BICS Is Building a Global IoT Business

The international carrier division of Belgium's Proximus is using its roaming network to develop an IoT business.

Robert Clark, Contributing Editor, Special to Light Reading

August 5, 2019

2 Min Read
BICS Is Building a Global IoT Business

Massive IoT may not be here, but seamless global IoT is already a business for BICS, the international arm of Belgian operator Proximus.

The world's biggest roaming carrier, BICS has leveraged its scale to deliver IoT to enterprises that need seamless connectivity worldwide.

BICS has connections to 500 operators worldwide and a network that carries more than 50% of the world's data roaming traffic and a third of the signaling traffic.

It's an emerging operator segment we don't hear much about.

"The IoT opportunity is to offer a global solution to manufacturers," said CMO and vice president for mobility and IoT Mikael Schachne.

For example, he cites a China-based e-scooter manufacturer "that can put our SIM in their scooter, test it in the lab, and send it around the world. We also have e-bus manufacturers, smartwatch-makers and so on.

"They need to be sure the connectivity will work well in whatever country their product is sold -- that is what we provide."

For the manufacturer, the LTE connection may track the performance and wear and tear of components, or in the case of buses provide WiFi.

For now, BICS is immune to the 5G fever raging across the industry. Schachne doesn't expect to see 5G services in any volume for at least two or three years.

The current 5G modems are expensive and lack global coverage, he says.

"The modems are coming out now, but you need 18 months before they can be deployed.

"Manufacturer lifecycles are very long. You have to work the modems into your manufacturing process, and then the connections must be able to work everywhere."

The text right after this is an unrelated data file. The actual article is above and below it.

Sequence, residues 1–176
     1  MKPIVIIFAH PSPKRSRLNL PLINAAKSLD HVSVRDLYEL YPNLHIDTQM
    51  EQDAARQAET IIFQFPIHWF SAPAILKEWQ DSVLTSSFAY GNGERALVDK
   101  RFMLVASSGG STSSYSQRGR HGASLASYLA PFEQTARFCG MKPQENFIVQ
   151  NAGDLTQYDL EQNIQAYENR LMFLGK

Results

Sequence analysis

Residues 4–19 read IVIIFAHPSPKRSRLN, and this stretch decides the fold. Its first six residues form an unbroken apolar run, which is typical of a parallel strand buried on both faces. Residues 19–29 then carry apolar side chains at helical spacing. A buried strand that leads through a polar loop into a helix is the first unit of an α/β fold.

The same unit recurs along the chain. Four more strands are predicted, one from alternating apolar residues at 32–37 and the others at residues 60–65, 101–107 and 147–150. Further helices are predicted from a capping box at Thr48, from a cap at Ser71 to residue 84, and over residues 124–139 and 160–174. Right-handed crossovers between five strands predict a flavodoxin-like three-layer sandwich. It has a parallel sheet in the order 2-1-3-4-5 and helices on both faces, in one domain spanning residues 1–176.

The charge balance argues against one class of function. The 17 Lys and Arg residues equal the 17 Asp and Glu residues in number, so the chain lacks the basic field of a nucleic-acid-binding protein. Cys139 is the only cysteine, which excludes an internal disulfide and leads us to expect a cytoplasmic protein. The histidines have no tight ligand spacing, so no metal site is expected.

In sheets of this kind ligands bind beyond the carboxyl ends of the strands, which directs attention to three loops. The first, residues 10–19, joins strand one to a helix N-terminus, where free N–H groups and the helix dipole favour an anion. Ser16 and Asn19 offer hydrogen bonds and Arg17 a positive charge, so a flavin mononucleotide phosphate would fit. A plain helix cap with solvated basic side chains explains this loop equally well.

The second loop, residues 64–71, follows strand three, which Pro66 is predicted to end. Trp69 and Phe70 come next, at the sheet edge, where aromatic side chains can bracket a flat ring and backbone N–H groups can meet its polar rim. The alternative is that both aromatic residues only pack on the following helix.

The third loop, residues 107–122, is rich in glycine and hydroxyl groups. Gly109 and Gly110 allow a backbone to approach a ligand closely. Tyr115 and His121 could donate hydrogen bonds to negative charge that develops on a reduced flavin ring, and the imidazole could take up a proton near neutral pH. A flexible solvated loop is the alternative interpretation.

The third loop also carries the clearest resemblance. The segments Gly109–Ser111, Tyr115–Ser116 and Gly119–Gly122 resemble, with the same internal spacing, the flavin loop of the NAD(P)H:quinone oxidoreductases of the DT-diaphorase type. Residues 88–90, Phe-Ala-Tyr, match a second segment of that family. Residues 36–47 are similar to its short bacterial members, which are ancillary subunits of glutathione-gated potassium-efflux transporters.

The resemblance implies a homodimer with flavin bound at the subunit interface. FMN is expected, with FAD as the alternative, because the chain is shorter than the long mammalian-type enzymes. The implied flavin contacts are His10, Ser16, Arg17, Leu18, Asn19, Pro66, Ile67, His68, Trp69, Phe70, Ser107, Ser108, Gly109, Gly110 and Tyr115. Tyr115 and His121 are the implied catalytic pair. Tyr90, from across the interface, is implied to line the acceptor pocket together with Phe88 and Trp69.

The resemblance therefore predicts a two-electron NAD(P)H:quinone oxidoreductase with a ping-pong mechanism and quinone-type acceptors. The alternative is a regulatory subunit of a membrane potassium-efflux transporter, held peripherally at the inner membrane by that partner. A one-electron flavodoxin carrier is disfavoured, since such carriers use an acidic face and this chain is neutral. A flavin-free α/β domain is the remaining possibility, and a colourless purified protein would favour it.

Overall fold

By contrast, in the consumer product cycle the handset goes straight to the retail shelf.

Want to know more about the Internet of Things? Check out our dedicated IoT content channel here on Light Reading.

Additionally, 4G can still support all the current IoT use cases, he says.

"It's available everywhere. The modems are quite dependable, the technology is pretty mature and stable, and everyone knows how to make use of it."

When 5G does arrive, Schachne spies opportunity in consumer-application connectivity, such as notifications and authentication, in support of new or expanding apps like real-time gaming.

In BICS' other main line of business, fraud prevention, the company has patented a blockchain solution to tackle fraud.

"We still see CSPs struggling with fraud, whether it's voice, messaging or roaming."

Schachne says BICS has built a fraud prevention database based on "crowdsourced" data supplied by clients.

"Today it's centralized but it can evolve into a distributed ledger. We see it as a future version of our anti-fraud solution."

— Robert Clark, contributing editor, special to Light Reading

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About the Author(s)

Robert Clark

Contributing Editor, Special to Light Reading

Robert Clark is an independent technology editor and researcher based in Hong Kong. In addition to contributing to Light Reading, he also has his own blog,  Electric Speech ( 

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